Even the most basic tactical analyst knows that success in football is all about balance and partnerships.

When Francis Coquelin picked up his injury, he had enjoyed the near constant midfield companionship of Santi Cazorla. It was a partnership that transformed the second half of last season and gave so much cause for hope in 2015/16.

Cazorla is, by far, the best player in the squad at receiving the ball from the back four under pressure and starting our attacking movements, particularly in the continued absence of Wilshere.

He is also by some distance the best we have at playing incisive passes from deep, and forming the link between the backline and the supporting attacking players behind our central striker of choice.

His tactical intelligence also allows him to find good positions where he can receive and distribute the ball while simultaneously helping the team to keep a more functional shape.

Cazorla is also, by some distance again, the best we have at playing incisive passes from deep, and forming the link between the backline and the supporting attacking players behind our central striker of choice.

The Saniard’s tactical intelligence also allows him to find good positions where he can receive and distribute the ball while simultaneously helping the team to keep a more functional shape.

Santi’s tactical intelligence also allows him to find good positions where he can receive and distribute the ball while simultaneously helping the team to keep a more functional shape.

All these things together take a LOT of pressure of Coquelin, allowing him to focus on filling defensive holes and winning tackles, and thus informing his positioning. In the absence of Cazorla as his partner, he has been asked to initiate possession more, roam from his position more to give his central partner and option, and has been pushed out more into wider positions. This is without mentioning the fact that Ramsey in central midfield is, for all his ball skills, a runner rather than a distributer, and one who not only puts more of the burden of ball retention on Coquelin but also has often left the Frenchman isolated.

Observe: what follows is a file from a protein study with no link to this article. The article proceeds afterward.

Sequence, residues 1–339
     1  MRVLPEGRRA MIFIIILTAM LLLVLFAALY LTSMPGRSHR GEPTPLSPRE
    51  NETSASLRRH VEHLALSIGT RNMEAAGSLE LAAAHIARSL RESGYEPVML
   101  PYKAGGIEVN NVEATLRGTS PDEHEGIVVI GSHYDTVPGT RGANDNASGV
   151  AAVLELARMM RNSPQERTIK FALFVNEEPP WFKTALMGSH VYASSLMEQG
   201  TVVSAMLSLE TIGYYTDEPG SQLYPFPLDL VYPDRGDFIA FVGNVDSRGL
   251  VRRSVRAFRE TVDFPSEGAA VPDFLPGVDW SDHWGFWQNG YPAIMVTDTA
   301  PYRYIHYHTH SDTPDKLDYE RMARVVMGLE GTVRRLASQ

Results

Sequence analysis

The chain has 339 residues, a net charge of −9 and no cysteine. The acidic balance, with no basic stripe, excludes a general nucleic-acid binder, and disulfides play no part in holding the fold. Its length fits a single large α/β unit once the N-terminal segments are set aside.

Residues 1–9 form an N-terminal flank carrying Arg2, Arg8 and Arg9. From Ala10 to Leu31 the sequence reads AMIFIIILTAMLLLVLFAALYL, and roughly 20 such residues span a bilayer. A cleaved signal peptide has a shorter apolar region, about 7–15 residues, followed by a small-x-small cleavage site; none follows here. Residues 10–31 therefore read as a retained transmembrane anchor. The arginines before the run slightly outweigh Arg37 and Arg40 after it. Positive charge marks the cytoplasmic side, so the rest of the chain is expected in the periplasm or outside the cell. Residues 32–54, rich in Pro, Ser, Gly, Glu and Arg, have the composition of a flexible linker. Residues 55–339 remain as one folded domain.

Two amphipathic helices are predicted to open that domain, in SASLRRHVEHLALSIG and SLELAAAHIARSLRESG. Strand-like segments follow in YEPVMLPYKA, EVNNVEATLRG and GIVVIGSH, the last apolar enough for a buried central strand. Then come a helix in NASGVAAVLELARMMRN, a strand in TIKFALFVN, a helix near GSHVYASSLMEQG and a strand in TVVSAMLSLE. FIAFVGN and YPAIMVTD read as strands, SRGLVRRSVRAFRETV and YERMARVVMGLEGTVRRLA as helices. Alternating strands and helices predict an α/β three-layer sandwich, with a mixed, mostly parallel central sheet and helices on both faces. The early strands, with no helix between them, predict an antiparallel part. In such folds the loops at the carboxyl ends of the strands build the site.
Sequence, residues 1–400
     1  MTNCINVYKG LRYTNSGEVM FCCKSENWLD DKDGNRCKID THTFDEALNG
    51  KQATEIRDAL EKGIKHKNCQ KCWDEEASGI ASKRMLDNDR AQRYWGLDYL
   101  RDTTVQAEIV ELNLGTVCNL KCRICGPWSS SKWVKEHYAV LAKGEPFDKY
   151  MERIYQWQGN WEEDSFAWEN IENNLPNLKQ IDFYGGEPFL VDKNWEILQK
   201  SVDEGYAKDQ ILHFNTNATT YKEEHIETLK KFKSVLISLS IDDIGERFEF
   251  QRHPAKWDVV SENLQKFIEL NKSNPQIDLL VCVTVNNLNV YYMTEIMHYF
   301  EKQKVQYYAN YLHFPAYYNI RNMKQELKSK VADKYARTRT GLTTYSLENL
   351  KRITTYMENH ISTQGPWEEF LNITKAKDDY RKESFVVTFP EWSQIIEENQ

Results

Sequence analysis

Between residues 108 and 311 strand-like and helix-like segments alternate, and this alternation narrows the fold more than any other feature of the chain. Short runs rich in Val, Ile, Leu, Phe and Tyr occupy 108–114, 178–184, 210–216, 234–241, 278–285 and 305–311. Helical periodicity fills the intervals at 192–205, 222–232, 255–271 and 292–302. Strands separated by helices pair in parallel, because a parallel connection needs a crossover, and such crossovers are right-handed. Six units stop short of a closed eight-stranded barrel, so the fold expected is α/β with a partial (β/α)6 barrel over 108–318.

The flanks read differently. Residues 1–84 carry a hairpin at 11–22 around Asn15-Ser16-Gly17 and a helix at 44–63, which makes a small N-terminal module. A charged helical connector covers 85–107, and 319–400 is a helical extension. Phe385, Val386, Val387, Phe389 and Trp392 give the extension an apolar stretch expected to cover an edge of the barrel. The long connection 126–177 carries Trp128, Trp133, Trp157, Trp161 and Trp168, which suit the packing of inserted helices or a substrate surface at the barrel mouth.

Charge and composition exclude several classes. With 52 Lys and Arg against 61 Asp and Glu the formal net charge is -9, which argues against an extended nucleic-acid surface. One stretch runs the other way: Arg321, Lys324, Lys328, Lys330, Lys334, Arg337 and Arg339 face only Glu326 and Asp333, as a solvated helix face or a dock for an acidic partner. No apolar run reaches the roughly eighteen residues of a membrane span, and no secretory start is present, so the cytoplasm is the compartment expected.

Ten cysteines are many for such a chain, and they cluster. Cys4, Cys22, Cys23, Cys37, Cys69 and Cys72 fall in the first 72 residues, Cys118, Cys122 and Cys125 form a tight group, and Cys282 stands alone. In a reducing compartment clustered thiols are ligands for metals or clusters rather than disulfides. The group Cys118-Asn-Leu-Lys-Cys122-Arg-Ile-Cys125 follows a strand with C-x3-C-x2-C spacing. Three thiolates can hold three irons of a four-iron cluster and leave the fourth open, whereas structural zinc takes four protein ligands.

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In the absence of Cazorla as his partner, Francis has been asked to initiate possession more, roam from his position more to give his central partner and option, and has been pushed out more into wider positions. This is without mentioning the fact that Ramsey in central midfield is, for all his ball skills, a runner rather than a

This is without mentioning the fact that Aaron Ramsey in central midfield is, for all his ball skills, a runner rather than a distributer. One who not only puts more of the burden of ball retention on Coquelin but also has often left the Frenchman isolated.

The net result of this is that Coquelin has been attempting to adjust his positioning to plug more gaps while simultaneously having to take on greater passing responsibility.

While returning from injury, while the team is in rotten form, while the pressure is at its highest.

If anything, his sending off against Tottenham was a symptom of his confusion and lack of feeling settled, as it was both a case of trying to do too much, and not trusting those behind him to deal with the situation if he couldn’t.